Appreciating that the years of double-digit economic growth may be over, the Qatari government aims to reduce economic reliance on oil and natural gas. It has significantly diversified into non-oil sectors (notably manufacturing, construction, financial services, tourism and leisure) which now account for just over half of GDP.

Qatar Petroleum
Qatar Gas

Upstream Benchmarking Skills Training.

Fulcrium’s upstream oil and gas benchmarking training project arose directly from these volatile market conditions. For the first time in generations, Qatar Petroleum was experiencing austerity. By deploying international strategic consultancy firms, it had cut overheads and headcount (30% of upstream staff including senior management) and made a number of process efficiencies. In common with the other top international petroleum companies, it had continued to purchase consortium-provider template benchmarking reports, but it was increasingly obvious that these did not provide the means to translate data into measurable value.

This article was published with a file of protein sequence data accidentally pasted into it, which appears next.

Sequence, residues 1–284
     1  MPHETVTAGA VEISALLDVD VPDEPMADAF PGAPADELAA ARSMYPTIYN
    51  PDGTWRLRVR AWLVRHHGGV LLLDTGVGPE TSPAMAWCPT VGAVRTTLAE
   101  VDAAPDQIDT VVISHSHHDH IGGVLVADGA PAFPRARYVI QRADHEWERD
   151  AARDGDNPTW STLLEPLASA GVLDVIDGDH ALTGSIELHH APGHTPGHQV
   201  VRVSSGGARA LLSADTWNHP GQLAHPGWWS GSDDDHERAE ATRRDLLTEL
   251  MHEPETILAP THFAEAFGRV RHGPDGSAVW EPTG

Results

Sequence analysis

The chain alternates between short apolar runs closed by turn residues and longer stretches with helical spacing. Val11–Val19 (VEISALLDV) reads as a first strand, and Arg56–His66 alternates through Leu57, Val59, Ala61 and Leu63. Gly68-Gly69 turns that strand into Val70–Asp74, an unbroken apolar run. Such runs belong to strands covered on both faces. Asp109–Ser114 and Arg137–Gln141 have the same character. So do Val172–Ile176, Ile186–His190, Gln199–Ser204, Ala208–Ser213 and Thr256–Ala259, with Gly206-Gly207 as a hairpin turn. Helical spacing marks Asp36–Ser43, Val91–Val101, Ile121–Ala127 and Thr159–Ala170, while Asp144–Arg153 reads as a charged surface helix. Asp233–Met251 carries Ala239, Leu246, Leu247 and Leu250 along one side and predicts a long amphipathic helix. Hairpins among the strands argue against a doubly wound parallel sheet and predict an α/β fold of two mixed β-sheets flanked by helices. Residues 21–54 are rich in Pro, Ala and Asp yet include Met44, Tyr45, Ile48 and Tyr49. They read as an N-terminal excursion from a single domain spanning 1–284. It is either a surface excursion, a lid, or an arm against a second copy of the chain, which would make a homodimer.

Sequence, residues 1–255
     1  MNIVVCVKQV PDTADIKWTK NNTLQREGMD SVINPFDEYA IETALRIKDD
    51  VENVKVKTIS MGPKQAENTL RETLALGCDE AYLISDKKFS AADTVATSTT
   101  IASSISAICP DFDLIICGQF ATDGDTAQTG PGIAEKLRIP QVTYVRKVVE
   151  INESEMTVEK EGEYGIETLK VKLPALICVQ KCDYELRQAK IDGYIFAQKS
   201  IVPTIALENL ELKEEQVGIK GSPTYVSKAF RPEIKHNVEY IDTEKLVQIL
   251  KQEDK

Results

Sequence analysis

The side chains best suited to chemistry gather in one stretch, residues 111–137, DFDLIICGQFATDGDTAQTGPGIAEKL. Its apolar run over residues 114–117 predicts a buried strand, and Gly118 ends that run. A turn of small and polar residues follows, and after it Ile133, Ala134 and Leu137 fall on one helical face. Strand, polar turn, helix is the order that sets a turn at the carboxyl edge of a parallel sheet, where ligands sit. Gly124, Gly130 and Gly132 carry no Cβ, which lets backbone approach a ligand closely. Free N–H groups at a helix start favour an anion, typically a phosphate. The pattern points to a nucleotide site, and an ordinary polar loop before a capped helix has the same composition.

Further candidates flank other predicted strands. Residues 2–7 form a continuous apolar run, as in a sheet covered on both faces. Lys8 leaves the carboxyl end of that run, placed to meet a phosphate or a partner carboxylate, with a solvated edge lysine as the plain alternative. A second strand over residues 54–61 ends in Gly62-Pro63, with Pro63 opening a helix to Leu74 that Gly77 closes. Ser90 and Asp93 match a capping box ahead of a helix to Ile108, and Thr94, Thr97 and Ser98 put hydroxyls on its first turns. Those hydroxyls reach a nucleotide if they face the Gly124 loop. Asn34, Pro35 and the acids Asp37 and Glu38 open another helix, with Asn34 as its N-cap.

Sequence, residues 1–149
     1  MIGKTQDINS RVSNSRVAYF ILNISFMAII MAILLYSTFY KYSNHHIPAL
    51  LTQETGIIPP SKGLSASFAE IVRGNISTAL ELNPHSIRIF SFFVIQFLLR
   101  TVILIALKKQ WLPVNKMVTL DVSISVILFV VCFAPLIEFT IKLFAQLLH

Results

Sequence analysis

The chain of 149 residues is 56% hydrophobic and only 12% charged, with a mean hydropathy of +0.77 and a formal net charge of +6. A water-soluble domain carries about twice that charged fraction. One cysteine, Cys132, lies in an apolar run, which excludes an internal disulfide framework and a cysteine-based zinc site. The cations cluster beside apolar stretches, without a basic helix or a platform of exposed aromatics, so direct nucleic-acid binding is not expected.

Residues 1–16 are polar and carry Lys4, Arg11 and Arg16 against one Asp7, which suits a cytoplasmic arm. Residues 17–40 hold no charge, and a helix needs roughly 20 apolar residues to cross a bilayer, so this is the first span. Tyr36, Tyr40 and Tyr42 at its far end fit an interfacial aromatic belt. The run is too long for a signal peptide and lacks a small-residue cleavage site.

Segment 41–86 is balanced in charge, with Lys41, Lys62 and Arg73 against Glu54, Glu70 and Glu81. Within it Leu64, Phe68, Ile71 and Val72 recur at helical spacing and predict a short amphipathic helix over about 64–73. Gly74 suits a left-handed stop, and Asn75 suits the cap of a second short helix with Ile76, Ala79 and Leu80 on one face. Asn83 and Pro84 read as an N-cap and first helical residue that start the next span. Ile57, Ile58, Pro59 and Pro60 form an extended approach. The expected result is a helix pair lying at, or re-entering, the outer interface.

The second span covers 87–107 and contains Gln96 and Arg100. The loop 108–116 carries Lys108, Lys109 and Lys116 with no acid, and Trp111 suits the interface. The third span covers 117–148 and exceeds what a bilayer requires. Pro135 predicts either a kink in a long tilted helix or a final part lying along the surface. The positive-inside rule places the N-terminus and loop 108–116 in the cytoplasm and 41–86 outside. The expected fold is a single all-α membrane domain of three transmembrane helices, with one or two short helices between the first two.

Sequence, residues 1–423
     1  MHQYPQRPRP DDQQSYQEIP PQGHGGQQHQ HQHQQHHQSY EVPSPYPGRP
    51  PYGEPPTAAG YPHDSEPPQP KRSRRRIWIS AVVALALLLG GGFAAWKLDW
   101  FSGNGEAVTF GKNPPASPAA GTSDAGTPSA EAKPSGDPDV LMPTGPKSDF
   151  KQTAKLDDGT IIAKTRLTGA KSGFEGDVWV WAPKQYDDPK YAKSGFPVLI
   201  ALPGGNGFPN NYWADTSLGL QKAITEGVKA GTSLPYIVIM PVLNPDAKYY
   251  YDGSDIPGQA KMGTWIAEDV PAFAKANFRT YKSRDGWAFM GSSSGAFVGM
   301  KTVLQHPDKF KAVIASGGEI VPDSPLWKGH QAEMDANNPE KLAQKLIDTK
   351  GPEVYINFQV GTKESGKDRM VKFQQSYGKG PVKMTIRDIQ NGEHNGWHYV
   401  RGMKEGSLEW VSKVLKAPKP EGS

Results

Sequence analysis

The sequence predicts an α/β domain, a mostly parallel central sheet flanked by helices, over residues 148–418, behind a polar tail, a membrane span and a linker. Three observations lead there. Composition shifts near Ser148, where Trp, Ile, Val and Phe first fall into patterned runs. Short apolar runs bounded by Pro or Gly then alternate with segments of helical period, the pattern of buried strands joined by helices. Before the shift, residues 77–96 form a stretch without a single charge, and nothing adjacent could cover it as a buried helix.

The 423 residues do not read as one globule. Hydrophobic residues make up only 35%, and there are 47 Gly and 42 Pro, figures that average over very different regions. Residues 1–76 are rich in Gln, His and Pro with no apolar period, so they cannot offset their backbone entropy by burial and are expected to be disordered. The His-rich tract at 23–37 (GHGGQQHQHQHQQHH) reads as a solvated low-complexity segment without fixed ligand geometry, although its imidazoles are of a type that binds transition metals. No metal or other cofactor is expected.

Invitations to tender were issued to a number of international strategy consultancies, to consortium benchmarking providers, to oil and gas industry specialist training course providers – and to Fulcrium.

It was clear from the start of the tender process that the highly sophisticated and astute senior team at Qatar Petroleum were looking for an entirely new approach. They had moved well beyond needing incremental improvements in efficiency and cost reduction. And they certainly did not want training to be an end in itself. They had already established an Upstream Benchmarking Centre of Excellence, but wanted to ensure that this translated to identifying value.

They therefore wanted a methodology that would equip their own staff and the staff of their joint venture partners to build benchmarking excellence into every aspect of the business. They explicitly wanted to acquire – and subsequently implement – the levers that would drive exceptional value and create value excellence.